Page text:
The Story of Goody Two Shoes

Where did the saying "Goody Two Shoes" come from? If you've ever asked this question you're not alone. Like many sayings, we know how to use it but have no sense of where it originated.

Goody Two Shoes was a nursery book about two poor orphans and how they came to prosper due to their kind spirits and good deeds.

The story was originally published in 1765 and was at one time the most widely circulated children's story of the day. The version of the story we are posting here is from an 1888 edition of the book.

After a quick read you'll finally know the story of Goody Two Shoes.

Goody Two Shoes - Part 1

FARMER MEANWELL was at one time a very rich man. He owned large fields, and had fine flocks of sheep, and plenty of money. But all at once his good fortune seemed to desert him. Year after year his crops failed, his sheep died off, and he was obliged to borrow money to pay his rent and the wages of those who worked on the farm.

At last he had to sell his farm, but even this did not bring him in money enough to pay his debts, and he was worse off than ever.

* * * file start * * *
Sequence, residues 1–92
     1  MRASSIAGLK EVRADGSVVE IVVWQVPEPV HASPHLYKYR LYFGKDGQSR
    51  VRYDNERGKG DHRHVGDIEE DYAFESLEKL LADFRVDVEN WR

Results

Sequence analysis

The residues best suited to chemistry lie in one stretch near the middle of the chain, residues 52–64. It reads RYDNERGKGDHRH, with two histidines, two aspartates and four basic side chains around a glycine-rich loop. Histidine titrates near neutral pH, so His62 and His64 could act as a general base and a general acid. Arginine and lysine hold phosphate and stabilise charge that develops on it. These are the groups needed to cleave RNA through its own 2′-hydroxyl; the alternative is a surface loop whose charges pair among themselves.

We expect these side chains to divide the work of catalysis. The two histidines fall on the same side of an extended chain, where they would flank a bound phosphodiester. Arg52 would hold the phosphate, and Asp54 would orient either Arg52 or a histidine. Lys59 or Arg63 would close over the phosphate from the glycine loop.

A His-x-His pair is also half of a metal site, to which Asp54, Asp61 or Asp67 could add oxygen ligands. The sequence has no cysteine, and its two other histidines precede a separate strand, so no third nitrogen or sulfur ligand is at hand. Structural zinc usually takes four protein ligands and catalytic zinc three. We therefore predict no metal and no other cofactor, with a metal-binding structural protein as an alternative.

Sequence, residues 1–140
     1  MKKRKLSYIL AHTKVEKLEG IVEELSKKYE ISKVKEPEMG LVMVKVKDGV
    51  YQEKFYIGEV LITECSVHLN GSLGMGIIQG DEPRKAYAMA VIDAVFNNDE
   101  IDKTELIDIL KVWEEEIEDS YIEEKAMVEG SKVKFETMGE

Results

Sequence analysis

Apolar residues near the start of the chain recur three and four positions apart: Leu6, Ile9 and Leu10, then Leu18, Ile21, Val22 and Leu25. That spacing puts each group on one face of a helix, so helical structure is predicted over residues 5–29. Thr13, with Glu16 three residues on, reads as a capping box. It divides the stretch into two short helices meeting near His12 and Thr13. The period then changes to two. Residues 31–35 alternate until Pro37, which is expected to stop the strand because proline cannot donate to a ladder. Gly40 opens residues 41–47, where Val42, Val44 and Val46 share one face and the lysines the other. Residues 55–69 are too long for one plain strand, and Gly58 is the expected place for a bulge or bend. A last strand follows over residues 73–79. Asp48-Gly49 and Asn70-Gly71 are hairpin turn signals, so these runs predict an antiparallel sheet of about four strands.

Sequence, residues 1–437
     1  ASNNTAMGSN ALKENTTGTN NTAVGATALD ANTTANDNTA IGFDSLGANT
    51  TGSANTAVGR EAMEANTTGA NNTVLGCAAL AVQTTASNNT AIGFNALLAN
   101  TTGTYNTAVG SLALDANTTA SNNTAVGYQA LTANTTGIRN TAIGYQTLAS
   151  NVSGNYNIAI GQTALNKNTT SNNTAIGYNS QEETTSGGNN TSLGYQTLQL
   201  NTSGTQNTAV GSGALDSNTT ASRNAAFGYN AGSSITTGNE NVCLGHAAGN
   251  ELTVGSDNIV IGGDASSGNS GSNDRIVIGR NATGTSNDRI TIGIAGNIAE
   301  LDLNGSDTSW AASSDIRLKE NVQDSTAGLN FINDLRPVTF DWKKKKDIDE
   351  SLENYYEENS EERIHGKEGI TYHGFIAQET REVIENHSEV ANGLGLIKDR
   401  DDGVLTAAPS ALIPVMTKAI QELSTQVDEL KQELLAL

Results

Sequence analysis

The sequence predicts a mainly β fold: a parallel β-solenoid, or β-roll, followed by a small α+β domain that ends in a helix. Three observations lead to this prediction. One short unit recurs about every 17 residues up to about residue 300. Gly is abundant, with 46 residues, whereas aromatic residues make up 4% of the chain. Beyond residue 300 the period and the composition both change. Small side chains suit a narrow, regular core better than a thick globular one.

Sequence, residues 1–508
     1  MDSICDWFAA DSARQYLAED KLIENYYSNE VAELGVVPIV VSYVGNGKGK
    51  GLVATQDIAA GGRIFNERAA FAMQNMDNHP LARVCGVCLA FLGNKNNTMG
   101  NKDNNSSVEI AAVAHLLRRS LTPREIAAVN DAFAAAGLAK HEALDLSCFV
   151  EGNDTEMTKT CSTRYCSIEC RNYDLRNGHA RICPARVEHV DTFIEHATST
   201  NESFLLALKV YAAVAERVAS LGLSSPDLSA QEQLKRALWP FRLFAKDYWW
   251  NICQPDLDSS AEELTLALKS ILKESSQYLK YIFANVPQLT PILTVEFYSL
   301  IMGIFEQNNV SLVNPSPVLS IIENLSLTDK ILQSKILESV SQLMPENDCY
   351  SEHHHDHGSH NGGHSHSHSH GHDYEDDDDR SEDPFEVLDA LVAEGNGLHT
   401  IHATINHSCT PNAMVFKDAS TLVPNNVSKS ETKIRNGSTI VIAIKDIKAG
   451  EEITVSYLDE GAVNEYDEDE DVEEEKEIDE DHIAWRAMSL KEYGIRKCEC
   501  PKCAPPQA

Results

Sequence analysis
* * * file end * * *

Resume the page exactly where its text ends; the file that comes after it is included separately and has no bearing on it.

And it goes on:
Among those who had lent money to Farmer Mean well were Sir Thomas Gripe, and a farmer named Graspall. Sir Thomas was a very rich man indeed, and Farmer Graspall had more money than he could possibly use. But they were both very greedy and covetous, and particularly hard on those who owed them anything. Farmer Graspall abused Farmer Meanwell and called him all sorts of dreadful names; but the rich Sir Thomas Gripe was more cruel still, and wanted the poor debtor shut up in jail.

So poor Farmer Meanwell had to hasten from the place where he had lived for so many years, in order to get out of the way of these greedy men.

He went to the next village, taking his wife and his two little children with him. But though he was free from Gripe and Graspall she was not free from trouble and care.

He soon fell ill, and when he found himself unable to get food and clothes for his family, he grew worse and worse and soon died.